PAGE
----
Eric Bailly, Zlatan Ibrahimović, Henrikh Mkhitaryan and Paul Pogba were all brought in on big wages, with the France star costing £89m — a world-record fee at the time.

Players that were recruited under Van Gaal were either sold (Bastian Schweinsteiger, Memphis Depay, Morgan Schneiderlin) or ostracised from the starting XI to a degree, causing their confidence to dwindle (Luke Shaw, Anthony Martial, Matteo Darmian).

Mourinho did enjoy limited success, winning the League Cup and Europa League, but he failed to truly restore past glories and was ultimately sacked, less than a year after extending his contract.

Again, with Solskjaer’s arrival, there was another radical shift in policy. Instead of experienced pros, the club decided they were going to put their faith in young players. Romelu Lukaku and Alexis Sanchez were sold, leading to farcical situations such as one occasion this season where United were forced to finish a match without a recognised striker.

The Norwegian began his term by channelling the spirit of the ’99 team, but as the club’s fortunes declined, he started criticising those who compared the present United team with sides of the past.

The appointment of Solskjaer, initially on an interim basis, felt quite random. He had no experience of managing at the top level — his previous coaching career consisted of stints at Man United reserves, Molde (twice) and Cardiff, with the Welsh club relegated from the Premier League during his time in charge.

And if there is one moment that serves as a metaphor for everything that has gone wrong with United over the past few seasons, it is surely the hysterical reaction that the fortuitous Champions League victory over PSG prompted.

Gary Neville suggested the club should build a “statue” to Solskjaer, while Rio Ferdinand insinuated they should let the Norwegian decide the terms of his contract. They were far from the only two pundits to be seduced amid the swell of optimism that a handful of notable results created.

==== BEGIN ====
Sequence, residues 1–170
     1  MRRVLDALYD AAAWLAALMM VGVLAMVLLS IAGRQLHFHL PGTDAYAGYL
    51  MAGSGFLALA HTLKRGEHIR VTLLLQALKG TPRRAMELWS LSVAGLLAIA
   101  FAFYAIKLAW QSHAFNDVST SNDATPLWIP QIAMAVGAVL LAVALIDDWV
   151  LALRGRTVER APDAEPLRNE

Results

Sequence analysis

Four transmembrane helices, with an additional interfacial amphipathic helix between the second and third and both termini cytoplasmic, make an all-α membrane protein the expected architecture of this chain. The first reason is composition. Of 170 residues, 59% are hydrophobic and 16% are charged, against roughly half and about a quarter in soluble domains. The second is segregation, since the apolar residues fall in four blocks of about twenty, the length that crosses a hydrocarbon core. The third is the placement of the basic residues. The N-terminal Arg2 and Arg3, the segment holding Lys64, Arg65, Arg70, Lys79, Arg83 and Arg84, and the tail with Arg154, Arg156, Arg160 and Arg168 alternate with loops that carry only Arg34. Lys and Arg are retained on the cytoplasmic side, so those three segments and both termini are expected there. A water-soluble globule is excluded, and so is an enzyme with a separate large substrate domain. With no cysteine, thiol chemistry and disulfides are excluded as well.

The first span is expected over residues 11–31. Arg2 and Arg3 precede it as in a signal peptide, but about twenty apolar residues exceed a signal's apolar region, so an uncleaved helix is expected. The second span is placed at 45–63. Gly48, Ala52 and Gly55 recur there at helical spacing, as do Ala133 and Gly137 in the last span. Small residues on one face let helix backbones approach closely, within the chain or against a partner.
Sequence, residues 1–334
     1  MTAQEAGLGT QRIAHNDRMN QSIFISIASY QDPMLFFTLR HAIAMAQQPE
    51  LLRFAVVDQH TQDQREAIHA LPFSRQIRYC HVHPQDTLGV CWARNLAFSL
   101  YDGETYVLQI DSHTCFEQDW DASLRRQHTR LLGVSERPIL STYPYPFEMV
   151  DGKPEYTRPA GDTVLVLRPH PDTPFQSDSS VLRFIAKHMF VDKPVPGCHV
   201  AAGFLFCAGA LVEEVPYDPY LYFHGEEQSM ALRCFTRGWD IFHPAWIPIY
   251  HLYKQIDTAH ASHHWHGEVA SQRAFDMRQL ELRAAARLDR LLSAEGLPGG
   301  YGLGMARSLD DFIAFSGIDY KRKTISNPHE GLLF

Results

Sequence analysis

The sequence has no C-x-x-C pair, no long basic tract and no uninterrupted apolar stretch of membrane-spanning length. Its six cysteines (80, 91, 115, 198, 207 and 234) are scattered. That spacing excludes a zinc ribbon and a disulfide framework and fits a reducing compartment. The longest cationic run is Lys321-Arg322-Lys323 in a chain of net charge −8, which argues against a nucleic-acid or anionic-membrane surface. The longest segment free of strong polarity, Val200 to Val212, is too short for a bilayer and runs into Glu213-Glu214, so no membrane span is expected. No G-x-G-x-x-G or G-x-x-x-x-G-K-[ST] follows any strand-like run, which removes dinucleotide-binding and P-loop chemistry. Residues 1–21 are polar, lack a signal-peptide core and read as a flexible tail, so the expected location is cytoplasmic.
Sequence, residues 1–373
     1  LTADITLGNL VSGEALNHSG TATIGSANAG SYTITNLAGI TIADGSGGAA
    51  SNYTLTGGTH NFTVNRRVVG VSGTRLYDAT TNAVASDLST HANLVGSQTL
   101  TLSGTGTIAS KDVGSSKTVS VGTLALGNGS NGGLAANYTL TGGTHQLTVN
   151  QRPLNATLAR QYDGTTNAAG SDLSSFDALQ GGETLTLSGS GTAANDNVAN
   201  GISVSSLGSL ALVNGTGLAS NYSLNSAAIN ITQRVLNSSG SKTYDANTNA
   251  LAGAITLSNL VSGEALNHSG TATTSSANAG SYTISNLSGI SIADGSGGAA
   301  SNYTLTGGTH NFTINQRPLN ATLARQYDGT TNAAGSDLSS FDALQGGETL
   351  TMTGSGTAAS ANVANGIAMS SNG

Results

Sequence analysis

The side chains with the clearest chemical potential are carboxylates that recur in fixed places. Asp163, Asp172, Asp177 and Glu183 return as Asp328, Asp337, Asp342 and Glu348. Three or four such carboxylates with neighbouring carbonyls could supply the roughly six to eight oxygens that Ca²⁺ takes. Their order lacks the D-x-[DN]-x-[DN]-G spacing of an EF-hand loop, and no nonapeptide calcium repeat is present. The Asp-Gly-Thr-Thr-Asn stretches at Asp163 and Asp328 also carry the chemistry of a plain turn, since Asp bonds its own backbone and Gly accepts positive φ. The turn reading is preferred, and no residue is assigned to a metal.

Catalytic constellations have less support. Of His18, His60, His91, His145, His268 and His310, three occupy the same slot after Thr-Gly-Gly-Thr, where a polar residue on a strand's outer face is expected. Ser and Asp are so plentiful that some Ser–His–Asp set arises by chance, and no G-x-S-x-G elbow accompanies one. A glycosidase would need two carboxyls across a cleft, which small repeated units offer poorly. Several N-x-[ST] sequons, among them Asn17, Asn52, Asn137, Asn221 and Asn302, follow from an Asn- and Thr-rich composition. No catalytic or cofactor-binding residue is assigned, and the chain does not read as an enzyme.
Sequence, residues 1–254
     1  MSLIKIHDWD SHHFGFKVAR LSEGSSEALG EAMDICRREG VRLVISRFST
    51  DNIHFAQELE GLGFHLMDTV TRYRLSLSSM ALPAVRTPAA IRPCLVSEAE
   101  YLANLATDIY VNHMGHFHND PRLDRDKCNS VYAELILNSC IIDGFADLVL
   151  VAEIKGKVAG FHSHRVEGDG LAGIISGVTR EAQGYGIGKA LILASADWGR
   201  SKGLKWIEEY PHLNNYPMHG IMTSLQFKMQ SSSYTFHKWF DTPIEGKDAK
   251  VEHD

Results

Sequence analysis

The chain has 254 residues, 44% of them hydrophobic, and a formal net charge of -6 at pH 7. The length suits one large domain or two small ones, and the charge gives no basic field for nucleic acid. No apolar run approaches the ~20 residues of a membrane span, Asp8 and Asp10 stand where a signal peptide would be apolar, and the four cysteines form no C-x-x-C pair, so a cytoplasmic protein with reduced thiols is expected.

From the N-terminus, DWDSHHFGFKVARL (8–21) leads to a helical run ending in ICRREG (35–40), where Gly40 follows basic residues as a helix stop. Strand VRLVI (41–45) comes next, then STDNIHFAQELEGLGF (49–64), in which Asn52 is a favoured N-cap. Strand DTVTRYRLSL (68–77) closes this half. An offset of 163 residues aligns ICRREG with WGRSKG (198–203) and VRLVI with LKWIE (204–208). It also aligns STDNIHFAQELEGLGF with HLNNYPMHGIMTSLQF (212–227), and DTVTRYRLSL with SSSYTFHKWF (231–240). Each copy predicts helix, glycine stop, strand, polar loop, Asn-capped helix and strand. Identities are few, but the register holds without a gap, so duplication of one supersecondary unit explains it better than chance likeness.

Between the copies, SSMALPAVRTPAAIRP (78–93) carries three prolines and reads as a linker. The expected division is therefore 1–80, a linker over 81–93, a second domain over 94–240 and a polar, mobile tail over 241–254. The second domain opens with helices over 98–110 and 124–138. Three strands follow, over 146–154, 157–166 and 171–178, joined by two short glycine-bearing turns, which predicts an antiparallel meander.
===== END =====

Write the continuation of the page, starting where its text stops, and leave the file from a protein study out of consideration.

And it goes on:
The club too were seemingly head over heels with Ole, and offered him a permanent deal on the back of his impressive start, but crucially, before they had guaranteed Champions League football for the following season.

The situation quickly turned sour, as largely the same players that had collapsed under Mourinho quickly reverted to bad habits.

Remarkably, seven months on from that famous PSG victory, there is a sense now that Solskjaer could be on thin ice, particularly if the club suffer a humiliating defeat to Liverpool at the weekend.

But again, scapegoating the manager for deeper issues as the club search for another quick-fix solution would only serve to highlight what a mess they continue to find themselves in at all levels.

By contrast, at Liverpool and Man City, currently England’s two most successful clubs, there is a real sense of long-term vision in the running of the respective clubs. The manager and the higher-ups appear all on the same page, while the players recruited — rather than being content with big names as United appear to be — are of a particular style that fits with the clubs’ overriding philosophy and values. In short, they are everything United are not, nor have they ever been since the Alex Ferguson glory days.

Astonishingly for one of the biggest teams in the world commercially speaking, the Red Devils are a club who have been consistently dictated by knee-jerk reactions for six years and counting.

Upcoming Premier League fixtures (3pm kick-off unless stated otherwise)

Saturday

Everton v West Ham (12.30)
Aston Villa v Brighton
Bournemouth v Norwich
Chelsea v Newcastle
Leicester v Burnley
Tottenham v Watford
Wolves v Southampton
Crystal Palace v Man City (17.30)

Sunday

Man United v Liverpool (16.30)

Monday

Sheffield United v Arsenal (20.00)

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About the author:

Paul Fennessy